A report on violence in Brazil says around 42,000 people were shot dead in 2012 - the highest figures for gun crime in 35 years. The study, by the UN and the government on the most recent available data, said almost all the deaths were murders. More than half of those killed were young men under the age of 30 - two-thirds were described as black. The Brazilian Congress is debating a controversial bill that would limit access to firearms. Gun crime murders have been dropping in the states of Rio de Janeiro and Sao Paulo but rising in the north and northeast of the country. The report says a slow justice system and flawed police investigations as well as the widespread availability of firearms are to blame. It says Brazil has become a society which tolerates guns to resolve "all sorts of disputes, in most cases for very banal and circumstantial reasons." A law to ban the carrying of guns in public and control illegal ownership came into effect in 2004.

Nato to counter 'hybrid warfare' from Russia

Nato has pledged to counter "hybrid warfare" from Russia. The alliance said it must adapt to the mixture of conventional military tactics, subversive campaigns and cyber-warfare that Russia was using in Ukraine. Nato says that Russia is backing rebels in Ukraine - a claim denied by Moscow. Three Baltic countries are preparing to ask for a permanent presence of Nato troops on their soil to act as a deterrent to the Russian military. "Hybrid warfare combines different types of threats, including conventional, subversion and cyber," Nato chief said.

US and Cuba to hold talks on opening embassies

The US State Department has said that US and Cuban negotiators will meet next Thursday to discuss re-establishing embassies in each other's capitals. The talks will focus on the practical measures needed to reopen embassies in Havana and Washington. Although relations have improved in recent months a US trade embargo remains in place.

Why everyone's talking about Israel's new justice minister

Ayelet Shaked is a secular Jew who belongs to a religious party closely tied to West Bank settlers. She's faced criticism for controversial statements about Palestinians. Politically, Shaked is part of the religious, Zionist Jewish Home party, which draws its strength from Israeli settlers who live in the West Bank. Negotiations with Prime Minister Benjamin Netanyahu just to name her justice minister were drawn out and difficult. In part, that's because the justice minister wields real power. "The justice minister is in charge of the ministerial committee on legislation — which is a very important committee when it comes to passing bills."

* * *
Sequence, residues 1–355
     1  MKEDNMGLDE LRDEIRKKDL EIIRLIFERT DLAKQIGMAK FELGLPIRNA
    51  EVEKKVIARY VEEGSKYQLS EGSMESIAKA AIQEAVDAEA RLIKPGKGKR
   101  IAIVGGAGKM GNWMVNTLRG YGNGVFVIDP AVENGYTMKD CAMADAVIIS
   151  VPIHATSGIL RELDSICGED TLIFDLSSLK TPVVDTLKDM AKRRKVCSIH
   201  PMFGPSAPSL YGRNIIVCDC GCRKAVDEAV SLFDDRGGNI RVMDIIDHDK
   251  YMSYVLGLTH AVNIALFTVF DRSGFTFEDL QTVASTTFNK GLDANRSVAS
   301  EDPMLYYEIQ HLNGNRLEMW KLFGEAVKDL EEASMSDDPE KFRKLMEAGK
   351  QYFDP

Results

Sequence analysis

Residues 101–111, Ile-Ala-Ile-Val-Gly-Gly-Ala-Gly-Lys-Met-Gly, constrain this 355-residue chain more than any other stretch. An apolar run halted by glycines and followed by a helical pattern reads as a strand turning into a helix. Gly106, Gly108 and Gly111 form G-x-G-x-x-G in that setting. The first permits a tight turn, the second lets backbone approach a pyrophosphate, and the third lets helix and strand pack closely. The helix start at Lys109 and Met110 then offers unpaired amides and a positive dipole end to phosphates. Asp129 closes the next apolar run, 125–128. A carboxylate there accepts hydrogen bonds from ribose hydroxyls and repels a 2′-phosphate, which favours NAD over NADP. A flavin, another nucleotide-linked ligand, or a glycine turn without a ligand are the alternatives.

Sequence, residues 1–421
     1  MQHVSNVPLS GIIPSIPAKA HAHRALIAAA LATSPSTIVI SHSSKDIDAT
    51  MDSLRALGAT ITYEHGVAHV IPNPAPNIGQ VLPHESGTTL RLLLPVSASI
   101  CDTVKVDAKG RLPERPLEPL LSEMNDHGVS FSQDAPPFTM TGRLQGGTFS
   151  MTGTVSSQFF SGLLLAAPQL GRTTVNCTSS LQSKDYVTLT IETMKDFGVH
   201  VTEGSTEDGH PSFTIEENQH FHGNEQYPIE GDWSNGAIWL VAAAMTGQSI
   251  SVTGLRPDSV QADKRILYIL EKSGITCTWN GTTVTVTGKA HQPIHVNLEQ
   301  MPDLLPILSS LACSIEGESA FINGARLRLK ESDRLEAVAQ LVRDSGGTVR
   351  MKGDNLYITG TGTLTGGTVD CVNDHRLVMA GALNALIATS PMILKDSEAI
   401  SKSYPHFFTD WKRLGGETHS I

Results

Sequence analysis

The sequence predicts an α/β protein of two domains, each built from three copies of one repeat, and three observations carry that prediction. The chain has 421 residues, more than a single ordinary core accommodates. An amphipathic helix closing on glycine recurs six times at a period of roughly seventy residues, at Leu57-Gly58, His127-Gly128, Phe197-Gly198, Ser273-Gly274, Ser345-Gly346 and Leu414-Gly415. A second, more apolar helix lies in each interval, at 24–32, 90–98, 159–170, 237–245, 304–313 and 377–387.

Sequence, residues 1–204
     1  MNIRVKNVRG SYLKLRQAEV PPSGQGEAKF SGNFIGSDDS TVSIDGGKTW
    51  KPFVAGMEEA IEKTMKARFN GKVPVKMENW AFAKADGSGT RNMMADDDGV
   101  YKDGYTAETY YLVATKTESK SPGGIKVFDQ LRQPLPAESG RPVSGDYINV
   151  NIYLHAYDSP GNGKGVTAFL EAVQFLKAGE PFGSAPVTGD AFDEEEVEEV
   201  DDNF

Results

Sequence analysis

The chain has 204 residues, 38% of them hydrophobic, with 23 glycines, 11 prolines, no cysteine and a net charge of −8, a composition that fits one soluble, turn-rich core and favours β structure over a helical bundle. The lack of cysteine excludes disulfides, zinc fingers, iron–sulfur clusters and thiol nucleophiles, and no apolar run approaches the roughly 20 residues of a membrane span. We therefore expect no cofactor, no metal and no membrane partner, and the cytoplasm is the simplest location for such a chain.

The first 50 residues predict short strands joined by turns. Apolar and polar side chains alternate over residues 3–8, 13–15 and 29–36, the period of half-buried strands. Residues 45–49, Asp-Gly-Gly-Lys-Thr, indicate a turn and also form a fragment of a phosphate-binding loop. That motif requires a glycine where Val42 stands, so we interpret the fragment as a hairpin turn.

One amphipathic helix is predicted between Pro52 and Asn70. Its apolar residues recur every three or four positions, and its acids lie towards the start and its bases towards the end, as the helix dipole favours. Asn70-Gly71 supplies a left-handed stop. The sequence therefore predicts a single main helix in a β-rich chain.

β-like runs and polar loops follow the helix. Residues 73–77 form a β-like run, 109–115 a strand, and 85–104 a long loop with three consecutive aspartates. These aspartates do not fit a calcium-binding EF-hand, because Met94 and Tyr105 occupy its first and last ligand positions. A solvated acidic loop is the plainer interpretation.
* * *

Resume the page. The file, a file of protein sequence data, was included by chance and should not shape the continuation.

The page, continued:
Lawmakers spar over whether Amtrak funding cut matters

Obama has said the US must invest more in its infrastructure, in the wake of a train derailment in Philadelphia that claimed eight lives. He said he was talking to congressional leaders to secure passage of a transport bill. "It's not about funding. The train was going twice the speed limit," said House Speaker John Boehner. Democrats advocated for an amendment that would fund advanced technology.

Amtrak train crash victims face $200 million injuries cap

There are many questions surrounding Tuesday's Amtrak crash. The amount of money victims could receive for injuries isn't one of them as federal law caps total rail-accident damages at $200 million. Congress established the limit in 1997 on all rail accidents, not just Amtrak, as part of a compromise to bail out the ailing railroad. It's an arbitrary cap imposed regardless of the number of victims or how horrific the accident. In this instance, medical injuries alone could exceed $200 million. The 1997 law limits damages against all defendants for all claims arising from a single accident, which means a judge will ultimately need to decide how the money gets divvied up among victims.

Dutch court clears man who assisted in dying mother's suicide

A Dutch court on Wednesday cleared a man of all criminal charges for assisting his 99-year-old mother to commit suicide. An important goal of the case was to set further precedents for assisted suicide in the Netherlands, a country where the act is already legal in certain situations.

FDA plans to ease restrictions on gay blood donors

The Food and Drug Administration (FDA) on Tuesday released a set of proposed guidelines outlining a plan to end the national lifetime ban on blood donations from homosexual individuals. The ban, which many activists and medical groups say after 32 years in no longer justified, was enacted to prevent donations from donors at an increased risk of carrying HIV. The proposal suggests, among other things, that donations would be barred from male individuals who have engaged in sexual activity with another male within the previous year. Other countries including Australia, Japan and the UK have adopted similar measures in recent years. Many medical experts have stated that the lifetime ban is no longer supported by science. Gay activists claim that although the policy shift is progress in the right direction, the one-year deferral period still has the potential to stigmatize the homosexual community. David Stacy of the Human Rights Campaign stated, "This policy prevents men from donating life-saving blood based solely on their sexual orientation rather than actual risk to the blood supply."

Ukraine approves martial law regulations allowing relocation of foreign citizens

The Ukranian Parliament on Tuesday approved controversial martial law regulations that will purportedly allow for extrajudicial detention and relocation of foreign citizens "who threaten or undertake aggression towards Ukraine." If enacted, the new law will also allow Ukrainian authorities to condemn private property and proscribe conduct and political parties that clash with the country's accepted notion of "independence." The law will likely affect a greater number of Russian citizens, as Parliament adopted a declaration in January naming Russia as an "aggressor state." The law will take effect if Parliament chooses to approve a similar measure introduced by the Ukrainian president.